Acapulco's mayor is telling tourists from Mexico City to go home, and residents are stoning their cars. Cancun's hotels are pleading for visitors to fill their empty rooms. The swine flu outbreak is remaking tourism in strange ways in a country heavily dependent on it.
Tourism to Mexico has plummeted since the swine flu outbreak was declared a week ago, causing the tourism secretary to say Friday that he's shelving funds earmarked for a publicity campaign until after the epidemic subsides. Rodolfo Elizondo acknowledged it isn't the best time to promote Mexico as a vacation spot.
Treasury Secretary Agustin Carstens said the flu will be a heavy blow to tourism, Mexico's third-largest legal source of foreign currency.
Mexico's resorts, however, are experiencing the crisis in very different ways.
The top destination, Cancun, caters largely to foreigners, who are steering clear of Mexico. The city has lost an estimated $2.4 million in the past week as occupancy dropped 40 percent below usual levels for this time of year, said Rodrigo de la Pena, president of the Cancun Hotel Association.
Businesses are doing everything they can to woo tourists, he said: Restaurants are offering two-for-one dinners and bars two-for-one drinks, while handicraft stores have $1 specials on dolls and necklaces.
"It's imperative that our hotels have tourists," Pena said. "We are in a serious economic crisis."
Occupancy is down similar levels in Acapulco, but the city seems to want it that way for now.
Acapulco caters more to visitors from Mexico City, a five-hour drive away, but residents are afraid the tourists are bringing swine flu from the capital, where most cases have occurred.
"Someone who has flu symptoms shouldn't think they can come to Acapulco for the weather and get better — that some fresh air and tequila and discos are going to make them forget about everything," Mayor Manuel Anorve said. "So we ask them to be responsible and not come."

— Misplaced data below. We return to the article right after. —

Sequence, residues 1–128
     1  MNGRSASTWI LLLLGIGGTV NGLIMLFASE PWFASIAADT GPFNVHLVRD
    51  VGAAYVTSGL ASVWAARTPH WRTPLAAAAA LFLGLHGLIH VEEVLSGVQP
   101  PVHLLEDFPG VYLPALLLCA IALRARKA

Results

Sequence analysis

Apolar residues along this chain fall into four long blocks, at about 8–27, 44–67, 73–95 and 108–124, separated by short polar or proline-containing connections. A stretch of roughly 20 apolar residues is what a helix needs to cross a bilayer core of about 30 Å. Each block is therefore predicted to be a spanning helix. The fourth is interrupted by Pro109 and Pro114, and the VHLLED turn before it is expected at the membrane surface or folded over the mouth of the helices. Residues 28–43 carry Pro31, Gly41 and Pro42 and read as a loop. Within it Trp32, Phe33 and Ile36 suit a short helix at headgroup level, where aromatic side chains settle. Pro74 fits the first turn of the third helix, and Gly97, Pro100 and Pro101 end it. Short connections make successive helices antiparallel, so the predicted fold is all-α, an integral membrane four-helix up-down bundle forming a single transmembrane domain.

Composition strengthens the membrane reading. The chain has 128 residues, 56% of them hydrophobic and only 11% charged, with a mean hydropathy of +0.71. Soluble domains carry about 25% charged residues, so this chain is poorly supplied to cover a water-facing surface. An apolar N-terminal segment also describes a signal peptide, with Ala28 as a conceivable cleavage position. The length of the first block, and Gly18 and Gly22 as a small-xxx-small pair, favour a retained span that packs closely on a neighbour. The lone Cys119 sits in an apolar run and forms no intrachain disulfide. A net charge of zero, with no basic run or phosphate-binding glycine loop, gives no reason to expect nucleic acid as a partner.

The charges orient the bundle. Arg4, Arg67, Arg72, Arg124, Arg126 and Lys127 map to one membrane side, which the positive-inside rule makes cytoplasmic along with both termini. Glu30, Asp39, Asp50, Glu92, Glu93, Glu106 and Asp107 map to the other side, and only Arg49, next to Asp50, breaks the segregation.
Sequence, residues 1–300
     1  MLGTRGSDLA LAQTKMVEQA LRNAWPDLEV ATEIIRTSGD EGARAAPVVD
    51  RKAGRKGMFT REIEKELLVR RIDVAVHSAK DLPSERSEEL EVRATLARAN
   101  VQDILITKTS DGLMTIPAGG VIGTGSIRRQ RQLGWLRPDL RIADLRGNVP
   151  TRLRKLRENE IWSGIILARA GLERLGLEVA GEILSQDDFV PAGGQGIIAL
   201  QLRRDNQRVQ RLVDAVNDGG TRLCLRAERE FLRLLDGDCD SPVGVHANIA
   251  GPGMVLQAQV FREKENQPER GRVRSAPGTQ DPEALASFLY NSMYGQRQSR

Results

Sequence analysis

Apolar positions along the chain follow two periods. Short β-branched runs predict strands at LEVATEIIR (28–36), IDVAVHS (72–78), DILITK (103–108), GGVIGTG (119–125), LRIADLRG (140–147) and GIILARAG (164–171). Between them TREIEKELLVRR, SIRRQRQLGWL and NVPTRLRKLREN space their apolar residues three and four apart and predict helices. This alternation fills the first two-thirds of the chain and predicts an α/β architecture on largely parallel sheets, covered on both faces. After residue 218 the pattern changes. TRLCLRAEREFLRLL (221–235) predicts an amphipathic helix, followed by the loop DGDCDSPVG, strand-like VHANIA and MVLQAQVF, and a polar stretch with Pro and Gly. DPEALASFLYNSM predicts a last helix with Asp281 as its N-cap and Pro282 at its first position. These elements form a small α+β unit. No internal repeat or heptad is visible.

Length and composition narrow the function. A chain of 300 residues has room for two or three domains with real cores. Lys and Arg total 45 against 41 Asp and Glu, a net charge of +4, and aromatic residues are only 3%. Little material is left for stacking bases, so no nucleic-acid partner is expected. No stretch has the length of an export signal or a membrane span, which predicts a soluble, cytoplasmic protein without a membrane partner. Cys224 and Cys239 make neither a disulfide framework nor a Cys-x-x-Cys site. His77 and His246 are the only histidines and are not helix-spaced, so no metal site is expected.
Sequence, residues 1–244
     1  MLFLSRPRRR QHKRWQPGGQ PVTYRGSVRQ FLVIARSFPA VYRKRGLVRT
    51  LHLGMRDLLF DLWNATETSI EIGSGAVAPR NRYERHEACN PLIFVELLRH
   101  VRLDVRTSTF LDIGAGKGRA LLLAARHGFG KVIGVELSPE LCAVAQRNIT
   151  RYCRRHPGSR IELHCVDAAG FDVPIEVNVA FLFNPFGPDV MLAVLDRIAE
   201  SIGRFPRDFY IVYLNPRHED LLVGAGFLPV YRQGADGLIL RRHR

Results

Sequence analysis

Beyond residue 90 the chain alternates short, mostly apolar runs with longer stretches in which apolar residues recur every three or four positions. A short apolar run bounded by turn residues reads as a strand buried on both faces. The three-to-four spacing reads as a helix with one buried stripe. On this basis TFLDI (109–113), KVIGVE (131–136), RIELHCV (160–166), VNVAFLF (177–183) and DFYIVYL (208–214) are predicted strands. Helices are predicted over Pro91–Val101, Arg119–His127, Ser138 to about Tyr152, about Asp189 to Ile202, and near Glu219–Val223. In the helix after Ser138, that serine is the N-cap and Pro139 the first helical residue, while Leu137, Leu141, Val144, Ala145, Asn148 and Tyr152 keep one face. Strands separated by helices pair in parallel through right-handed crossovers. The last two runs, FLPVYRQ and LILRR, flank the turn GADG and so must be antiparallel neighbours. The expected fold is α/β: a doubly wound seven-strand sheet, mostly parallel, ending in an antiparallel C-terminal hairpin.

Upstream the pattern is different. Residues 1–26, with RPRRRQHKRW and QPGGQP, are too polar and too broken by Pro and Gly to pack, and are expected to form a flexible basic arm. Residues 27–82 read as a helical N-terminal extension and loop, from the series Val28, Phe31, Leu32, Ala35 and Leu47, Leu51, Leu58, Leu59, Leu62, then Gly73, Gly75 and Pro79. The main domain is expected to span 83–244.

Acapulco officials are putting out the word that bars, restaurants and tour boats are closed, and that the only things open for business are hotels.
Some residents were going further to drive home the message: Federal highway police said at least four vehicles with Mexico City license plates have been stoned as they entered Acapulco.
Those who do make it to Acapulco are getting a chilly reception — though there's already a bias against residents of the capital, considered loud and pushy by many in Mexico's interior.
Visitor Martha Rubio said employees at a beach restaurant laughed at her when she walked by on the beach in a bikini and a surgical mask.
"I don't let it affect me," she said, watching her children, 12 and 16, build sand castles.
Gas station attendant Miriam Arizmendi said many of her fellow workers were refusing to fill the tanks of Mexico City cars. She wasn't joining them, but said she understood.
"They can infect us," she said, wearing a mask and rubber gloves. "They shouldn't come. The Mexico City government should declare a quarantine so they don't leave."
Mexico has said it will take an intense publicity campaign to win back tourists. Elizondo said he'll send officials to China and Canada to learn how those countries revived their industries after being slammed by bird flu six years ago.
But for now, U.S., Canadian, Japanese and European tour operators are canceling trips, and cruise ships are changing routes to avoid Mexico. Continental Airlines Inc. said Friday it will halve flights to Mexico because planes are taking off empty.
That's no wonder as T-shirts hit the market with a new spin on the tourist cliche: "I went to Mexico and all I got was swine flu."